Britain’s rocky relationship with Ryanair shows what kind of consumers we’ve become

Twelve months ago Michael O’Leary, the boss of Irish budget airline Ryanair, showed a photograph of himself holding a cute puppy and promising a new “warm and cuddly” approach to customer service.

It was a remarkable turnaround from a man who had previously revelled in his company’s self-proclaimed “cheap and nasty” public image and the less than PR friendly. “If drink sales are falling off, we get the pilots to engineer a bit of turbulence. That usually spikes sales,” he once said.

For years such comments didn’t seem to make a difference as passengers climbed on board and profits grew.

But a third-quarter loss last Spring revealed to O’Leary that customers were beginning to tire of the airline’s antics and service and flocking to rival easyJet instead.

Cue the launch of the Always Getting Better programme promising allocated seating and family discounts, and cue the return to profit and passenger growth.

Earlier this month it revealed third quarter profits of €49m compared to that €35m loss last time.

Ryanair has achieved this not just by improving service but engaging their staff fully in the process and explaining the reasons for change. O’Leary jokingly says he has asked cabin crew to be more “happy clappy” – but it’s gone deeper than that.

The airline’s success has been matched by other major firms who had lost the trust of the public.

Look at Lloyds Banking Group. It has introduced screenless counters, extended opening hours and simplified telephone banking to improve service. Staff have been encouraged and trained to put the customer first. It claims the changes have worked with the number of customer complaints falling.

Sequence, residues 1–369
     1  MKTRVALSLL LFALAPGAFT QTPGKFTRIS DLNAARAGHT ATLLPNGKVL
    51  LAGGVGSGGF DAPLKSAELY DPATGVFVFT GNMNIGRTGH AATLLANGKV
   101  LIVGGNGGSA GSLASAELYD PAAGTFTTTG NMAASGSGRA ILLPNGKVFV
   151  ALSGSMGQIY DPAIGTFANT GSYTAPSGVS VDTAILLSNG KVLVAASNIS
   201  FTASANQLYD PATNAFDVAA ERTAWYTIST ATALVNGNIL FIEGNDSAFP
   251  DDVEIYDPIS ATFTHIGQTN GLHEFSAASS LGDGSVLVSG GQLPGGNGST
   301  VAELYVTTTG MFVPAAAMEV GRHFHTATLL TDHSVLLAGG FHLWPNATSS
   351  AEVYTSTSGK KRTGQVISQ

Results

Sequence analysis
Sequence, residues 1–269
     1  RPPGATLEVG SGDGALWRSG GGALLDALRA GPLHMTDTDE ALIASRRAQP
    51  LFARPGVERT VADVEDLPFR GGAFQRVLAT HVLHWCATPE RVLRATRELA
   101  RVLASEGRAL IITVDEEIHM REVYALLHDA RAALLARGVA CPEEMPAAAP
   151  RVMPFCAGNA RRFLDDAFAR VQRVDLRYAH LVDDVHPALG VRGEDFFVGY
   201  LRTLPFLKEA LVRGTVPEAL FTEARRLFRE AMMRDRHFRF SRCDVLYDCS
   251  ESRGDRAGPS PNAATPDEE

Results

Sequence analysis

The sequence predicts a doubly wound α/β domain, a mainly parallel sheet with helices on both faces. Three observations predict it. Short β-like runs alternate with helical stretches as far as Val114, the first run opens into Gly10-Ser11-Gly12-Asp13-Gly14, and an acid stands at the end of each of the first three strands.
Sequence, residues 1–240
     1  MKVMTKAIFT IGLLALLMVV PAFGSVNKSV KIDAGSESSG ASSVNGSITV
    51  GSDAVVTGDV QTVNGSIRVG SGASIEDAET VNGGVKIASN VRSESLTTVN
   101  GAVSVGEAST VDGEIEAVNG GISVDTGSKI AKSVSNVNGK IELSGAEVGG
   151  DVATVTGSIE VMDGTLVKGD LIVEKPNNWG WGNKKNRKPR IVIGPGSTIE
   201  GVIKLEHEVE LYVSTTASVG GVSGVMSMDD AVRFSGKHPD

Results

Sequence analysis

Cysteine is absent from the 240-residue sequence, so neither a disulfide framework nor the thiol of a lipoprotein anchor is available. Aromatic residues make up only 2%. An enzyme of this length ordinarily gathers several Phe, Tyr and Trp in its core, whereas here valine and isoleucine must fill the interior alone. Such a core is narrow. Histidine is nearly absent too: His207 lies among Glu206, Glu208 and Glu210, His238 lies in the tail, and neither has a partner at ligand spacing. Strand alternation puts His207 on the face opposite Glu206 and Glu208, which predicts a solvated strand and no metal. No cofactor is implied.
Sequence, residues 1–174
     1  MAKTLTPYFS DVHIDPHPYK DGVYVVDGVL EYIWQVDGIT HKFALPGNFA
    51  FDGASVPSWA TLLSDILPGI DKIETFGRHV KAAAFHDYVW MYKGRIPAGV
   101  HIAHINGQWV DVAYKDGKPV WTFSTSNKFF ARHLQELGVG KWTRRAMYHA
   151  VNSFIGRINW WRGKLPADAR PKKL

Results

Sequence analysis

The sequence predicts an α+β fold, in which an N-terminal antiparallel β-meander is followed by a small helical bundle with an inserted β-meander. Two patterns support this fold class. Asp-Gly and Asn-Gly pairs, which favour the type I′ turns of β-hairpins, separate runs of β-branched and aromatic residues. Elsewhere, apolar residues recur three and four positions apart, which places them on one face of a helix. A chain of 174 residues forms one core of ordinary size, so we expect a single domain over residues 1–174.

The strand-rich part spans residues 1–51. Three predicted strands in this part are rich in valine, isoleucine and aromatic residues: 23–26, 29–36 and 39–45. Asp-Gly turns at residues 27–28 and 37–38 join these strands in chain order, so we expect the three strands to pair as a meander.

This all seems like very basic business – treat your customers correctly and honestly and they will come back for more. But it is remarkable how many businesses still fail to grasp this basic notion and incorporate it as part of their overall strategies.

The fall-out from the recession and the loss of public trust in UK plc is helping re-focus the minds of our corporate leaders.

The growth of a new pool of customers – the so-called generation Y born between 1977 and 1994 – is bringing with it new expectations of customer service.

Generation Y, which worldwide is tipped to spend $200bn this year, have grown up with vast technological changes including mobile and PC.

They expect quick and seamless customer service. They are not prepared to wait an hour in a telephone call queue or wait four hours at home one afternoon for a service engineer to turn up invariably within the final ten minutes.

These customers also expect more personalised service – vouchers or offers uniquely directed at them.

Read more about 21st century customer interaction:

Understanding these consumers, including those a little older in age but also technically savvy and eager for quicker service, and what they want could unlock more revenues and lock-in loyalty for years to come.

The answer for businesses is ensuring that strong social media channels are in place allowing customers to complain or seek technical help and feedback online. It is also about being pro-active and letting customer know if there are any problems with their product, service or delivery well in advance.

So where do growing businesses fall into this? It can be argued that it is harder for them to keep fully engaged with their customers in comparison to their larger competitors.

They are growing, focussed perhaps on other areas of their business – marketing, brand building, logistics, supply chain, advertising, R&D. That connection with the end-user, the consumer, can be lost along the way.

How is my customer feeling? Do I have the appropriate channels and methods for them to complain to me or offer feedback or let me know of any issues they have?

As you grow you need to have your customer base grow with you. It is vital that a growing business sits down and develops a true customer engagement and employee engagement strategy.